• How often will you report on investigation progress, and to whom? It is likely that the board, the regulator and other parties will want regular updates, but you must also consider issues of confidentiality, privilege etc.  
  • Are there any immediate actions you can take to stop further misconduct? Are there remediating actions you can take? Consider how remediating actions will be perceived – be careful to avoid anything which might be considered an admission of liability. Are any additional controls required?
     

Conclusion

The actions taken in the first few hours and days can be crucial to the outcome of an investigation. A key point is to engage counsel and media advisors as early as possible in the process.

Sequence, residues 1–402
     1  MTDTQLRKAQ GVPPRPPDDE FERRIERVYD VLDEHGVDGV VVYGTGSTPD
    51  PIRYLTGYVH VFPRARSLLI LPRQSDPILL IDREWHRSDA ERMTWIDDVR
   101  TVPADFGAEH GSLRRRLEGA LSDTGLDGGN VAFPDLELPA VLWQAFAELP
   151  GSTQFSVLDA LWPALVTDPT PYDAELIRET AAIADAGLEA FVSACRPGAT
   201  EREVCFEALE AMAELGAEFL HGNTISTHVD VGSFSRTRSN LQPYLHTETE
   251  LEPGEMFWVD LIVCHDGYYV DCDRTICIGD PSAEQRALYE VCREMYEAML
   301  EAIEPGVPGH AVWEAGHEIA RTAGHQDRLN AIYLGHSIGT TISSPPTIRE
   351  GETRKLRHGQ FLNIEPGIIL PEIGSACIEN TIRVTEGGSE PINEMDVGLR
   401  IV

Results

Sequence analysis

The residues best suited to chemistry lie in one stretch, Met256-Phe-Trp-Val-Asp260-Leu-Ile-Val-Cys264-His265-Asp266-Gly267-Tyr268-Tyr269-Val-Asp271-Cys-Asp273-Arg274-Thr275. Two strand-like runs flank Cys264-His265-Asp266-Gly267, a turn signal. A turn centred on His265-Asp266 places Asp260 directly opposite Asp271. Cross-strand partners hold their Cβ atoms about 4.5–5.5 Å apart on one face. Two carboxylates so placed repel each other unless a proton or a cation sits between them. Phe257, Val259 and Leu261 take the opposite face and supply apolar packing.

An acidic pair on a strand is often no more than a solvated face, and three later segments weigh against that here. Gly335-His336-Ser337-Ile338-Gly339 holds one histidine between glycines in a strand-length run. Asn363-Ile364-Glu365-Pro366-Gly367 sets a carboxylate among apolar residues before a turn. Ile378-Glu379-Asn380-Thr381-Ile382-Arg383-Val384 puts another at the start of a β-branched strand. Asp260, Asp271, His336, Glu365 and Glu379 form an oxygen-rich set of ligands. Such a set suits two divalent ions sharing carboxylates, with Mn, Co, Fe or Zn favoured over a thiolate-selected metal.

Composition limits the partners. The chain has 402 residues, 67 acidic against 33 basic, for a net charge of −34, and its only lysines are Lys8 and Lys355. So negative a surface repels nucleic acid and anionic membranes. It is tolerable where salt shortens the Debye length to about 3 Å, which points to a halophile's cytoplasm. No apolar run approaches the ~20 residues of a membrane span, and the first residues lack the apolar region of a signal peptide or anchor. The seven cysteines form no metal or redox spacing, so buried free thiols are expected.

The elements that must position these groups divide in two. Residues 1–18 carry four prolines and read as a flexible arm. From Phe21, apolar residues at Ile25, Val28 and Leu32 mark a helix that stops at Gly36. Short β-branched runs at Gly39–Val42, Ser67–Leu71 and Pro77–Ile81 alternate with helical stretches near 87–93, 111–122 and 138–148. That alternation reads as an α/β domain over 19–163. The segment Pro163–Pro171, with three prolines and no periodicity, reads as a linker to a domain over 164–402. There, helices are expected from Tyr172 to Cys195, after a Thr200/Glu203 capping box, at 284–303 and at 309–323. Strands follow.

An investigation can be an extremely intensive and time-consuming exercise. The total cost will encompass regulator fines, management time, remediation actions, external reviews, counsel fees and many others. Often the total cost will be many multiples of any fine amount imposed by regulators.  

One way of avoiding this is to conduct a pre-emptive audit of your systems and controls. This can be far more cost-effective and less invasive than an investigation. If that is something you would like to consider, please contact the author.